Warmer days are here and it's definitely time for bright, cool and refreshing iced tea! Great iced tea starts, of course, with great tea. At PCC we sell a wide variety of loose-leaf teas in our bulk tea section. Two of my favorites actually are based on tea grown right here in Washington state by Richard Sakuma in the Skagit Valley.
The Jasmine Pearl Tea Merchants out of Portland, Ore., have partnered with Mr. Sakuma to offer these amazing blends: Sakuma Northwest Blackberry features smoky black tea woven with blackberry leaves, raspberry leaves and lemon balm and Sakuma Northwest White is made with delicate white peony tea blended with certified organic nettles and lavender. Gorgeous!
6 to 8 teaspoons loose tea of your choice
4 cups fresh, cold filtered water (don't use tap water that contains chlorine — it will ruin the taste)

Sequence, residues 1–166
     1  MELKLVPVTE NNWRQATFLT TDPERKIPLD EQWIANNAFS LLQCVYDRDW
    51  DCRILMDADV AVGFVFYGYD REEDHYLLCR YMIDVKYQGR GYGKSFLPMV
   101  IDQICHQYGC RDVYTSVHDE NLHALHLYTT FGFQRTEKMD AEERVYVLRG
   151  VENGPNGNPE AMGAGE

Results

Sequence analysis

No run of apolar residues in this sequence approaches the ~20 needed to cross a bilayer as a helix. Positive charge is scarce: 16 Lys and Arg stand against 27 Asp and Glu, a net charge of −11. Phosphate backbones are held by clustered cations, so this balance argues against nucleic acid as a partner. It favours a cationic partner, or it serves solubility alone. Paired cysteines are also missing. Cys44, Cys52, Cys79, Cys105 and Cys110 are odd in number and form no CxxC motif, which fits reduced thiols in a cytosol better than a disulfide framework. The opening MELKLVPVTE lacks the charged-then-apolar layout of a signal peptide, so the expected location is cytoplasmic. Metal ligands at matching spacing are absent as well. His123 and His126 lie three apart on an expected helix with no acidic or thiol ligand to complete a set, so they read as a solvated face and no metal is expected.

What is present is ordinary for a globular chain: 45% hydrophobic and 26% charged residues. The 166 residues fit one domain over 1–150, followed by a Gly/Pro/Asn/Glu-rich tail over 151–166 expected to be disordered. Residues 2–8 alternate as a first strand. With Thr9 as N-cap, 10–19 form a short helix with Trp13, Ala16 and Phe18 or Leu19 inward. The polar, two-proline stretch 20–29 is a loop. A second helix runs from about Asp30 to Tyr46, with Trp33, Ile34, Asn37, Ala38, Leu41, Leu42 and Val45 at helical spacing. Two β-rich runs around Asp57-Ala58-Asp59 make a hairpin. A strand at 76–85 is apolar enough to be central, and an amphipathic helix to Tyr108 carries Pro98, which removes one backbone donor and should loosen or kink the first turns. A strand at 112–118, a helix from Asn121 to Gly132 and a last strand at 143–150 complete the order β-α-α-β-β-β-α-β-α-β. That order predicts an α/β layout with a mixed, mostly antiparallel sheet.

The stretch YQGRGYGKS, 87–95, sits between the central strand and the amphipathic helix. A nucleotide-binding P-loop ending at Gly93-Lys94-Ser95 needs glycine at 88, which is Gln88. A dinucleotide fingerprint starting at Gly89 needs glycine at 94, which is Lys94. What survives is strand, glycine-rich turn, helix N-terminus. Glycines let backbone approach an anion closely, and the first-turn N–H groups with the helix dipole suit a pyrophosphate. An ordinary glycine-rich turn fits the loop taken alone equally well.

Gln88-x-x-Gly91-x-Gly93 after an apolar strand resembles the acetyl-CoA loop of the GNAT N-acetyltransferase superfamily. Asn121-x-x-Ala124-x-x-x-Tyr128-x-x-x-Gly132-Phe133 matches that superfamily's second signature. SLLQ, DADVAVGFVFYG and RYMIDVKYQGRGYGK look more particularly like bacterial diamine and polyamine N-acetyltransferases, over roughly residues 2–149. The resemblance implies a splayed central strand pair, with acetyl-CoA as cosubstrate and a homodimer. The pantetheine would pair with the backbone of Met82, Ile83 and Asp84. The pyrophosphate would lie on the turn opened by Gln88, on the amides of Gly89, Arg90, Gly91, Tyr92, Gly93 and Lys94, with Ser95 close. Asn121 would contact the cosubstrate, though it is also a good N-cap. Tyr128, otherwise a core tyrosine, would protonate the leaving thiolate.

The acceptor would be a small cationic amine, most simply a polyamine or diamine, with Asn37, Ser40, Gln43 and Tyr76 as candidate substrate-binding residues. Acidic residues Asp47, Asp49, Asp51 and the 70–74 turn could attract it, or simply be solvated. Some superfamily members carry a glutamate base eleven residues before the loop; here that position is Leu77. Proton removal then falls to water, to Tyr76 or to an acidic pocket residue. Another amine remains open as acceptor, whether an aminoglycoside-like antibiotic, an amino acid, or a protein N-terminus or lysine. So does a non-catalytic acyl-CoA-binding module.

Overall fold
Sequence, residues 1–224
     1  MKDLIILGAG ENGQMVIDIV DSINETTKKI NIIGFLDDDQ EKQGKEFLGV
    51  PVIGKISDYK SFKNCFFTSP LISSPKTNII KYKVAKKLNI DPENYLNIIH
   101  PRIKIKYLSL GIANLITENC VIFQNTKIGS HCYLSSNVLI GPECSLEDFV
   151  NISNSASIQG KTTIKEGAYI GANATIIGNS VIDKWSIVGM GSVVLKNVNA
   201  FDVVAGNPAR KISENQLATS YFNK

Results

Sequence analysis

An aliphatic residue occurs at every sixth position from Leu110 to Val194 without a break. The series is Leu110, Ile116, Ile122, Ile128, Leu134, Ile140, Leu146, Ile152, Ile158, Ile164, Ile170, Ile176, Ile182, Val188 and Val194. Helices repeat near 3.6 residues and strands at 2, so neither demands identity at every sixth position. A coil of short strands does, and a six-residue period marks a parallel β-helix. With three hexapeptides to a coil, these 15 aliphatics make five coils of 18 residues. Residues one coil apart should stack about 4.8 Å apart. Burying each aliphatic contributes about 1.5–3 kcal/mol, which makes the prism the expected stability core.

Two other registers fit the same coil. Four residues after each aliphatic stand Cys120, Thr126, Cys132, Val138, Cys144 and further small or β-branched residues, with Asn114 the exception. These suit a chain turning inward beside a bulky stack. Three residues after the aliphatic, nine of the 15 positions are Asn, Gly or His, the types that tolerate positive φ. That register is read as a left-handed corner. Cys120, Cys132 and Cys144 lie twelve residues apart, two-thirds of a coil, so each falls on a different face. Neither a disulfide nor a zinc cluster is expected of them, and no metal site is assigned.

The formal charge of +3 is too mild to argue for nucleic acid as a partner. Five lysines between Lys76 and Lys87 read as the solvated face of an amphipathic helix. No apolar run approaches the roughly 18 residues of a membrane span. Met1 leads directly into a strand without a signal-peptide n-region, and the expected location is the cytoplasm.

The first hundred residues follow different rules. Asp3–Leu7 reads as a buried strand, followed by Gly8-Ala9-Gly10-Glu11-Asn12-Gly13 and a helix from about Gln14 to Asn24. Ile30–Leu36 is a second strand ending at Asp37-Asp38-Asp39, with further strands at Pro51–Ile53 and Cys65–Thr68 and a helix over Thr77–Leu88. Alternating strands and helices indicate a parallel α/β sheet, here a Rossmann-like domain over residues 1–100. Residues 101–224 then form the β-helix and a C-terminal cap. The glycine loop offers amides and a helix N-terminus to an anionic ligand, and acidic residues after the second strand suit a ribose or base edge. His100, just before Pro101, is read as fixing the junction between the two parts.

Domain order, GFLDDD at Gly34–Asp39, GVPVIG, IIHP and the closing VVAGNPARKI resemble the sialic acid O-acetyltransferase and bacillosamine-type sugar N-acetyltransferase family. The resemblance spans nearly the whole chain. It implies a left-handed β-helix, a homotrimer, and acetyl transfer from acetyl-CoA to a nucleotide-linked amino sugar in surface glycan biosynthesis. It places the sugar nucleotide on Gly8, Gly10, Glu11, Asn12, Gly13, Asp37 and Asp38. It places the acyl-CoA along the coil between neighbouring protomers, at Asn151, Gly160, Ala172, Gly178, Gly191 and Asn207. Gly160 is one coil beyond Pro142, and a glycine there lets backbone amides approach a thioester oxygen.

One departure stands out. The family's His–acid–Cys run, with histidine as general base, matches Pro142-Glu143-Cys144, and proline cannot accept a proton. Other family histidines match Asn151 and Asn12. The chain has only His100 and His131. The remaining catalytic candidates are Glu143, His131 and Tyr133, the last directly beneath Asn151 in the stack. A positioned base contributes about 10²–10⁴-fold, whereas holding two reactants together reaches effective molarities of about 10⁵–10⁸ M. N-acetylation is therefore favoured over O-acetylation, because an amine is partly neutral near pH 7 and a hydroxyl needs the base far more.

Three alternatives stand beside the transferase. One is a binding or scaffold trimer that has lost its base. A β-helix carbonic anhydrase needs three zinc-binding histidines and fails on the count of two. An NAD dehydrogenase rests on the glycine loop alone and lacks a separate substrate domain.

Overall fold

2 to 3 teaspoons sugar, honey or your favorite sweetener (optional)
Lots of good ice
Place the tea in a teapot with a strainer, a French press or any apparatus that can be used to strain out the tea after it steeps.
Bring the water to a boil. If your tea blend is based on black tea, pour the water just from the boil over the tea and let it steep for 4 to 5 minutes. If your tea is a green, white or an herbal blend, let the water cool for a minute or two and then pour it over. Steep this mixture for 3 to 4 minutes. (You will find that opinions on the length of time for steeping teas vary greatly! These are the times I find work best for me.) If you want a stronger flavored tea, increase the amount of tea, not the steeping time. Black, green and white teas will be become bitter if they steep too long.
If you want to sweeten your tea, now is the time to do it. Add the sugar, honey or your favorite sweetener to the hot mixture to help it dissolve.
Have a pitcher filled with ice at the ready and pour the tea, through its strainer, directly over the ice. This will shock the tea and preserve its flavor.
Serve the tea in tall glasses over ice and drink "as is" or garnish with lemon, lime, fresh fruit or sprigs of fresh herbs.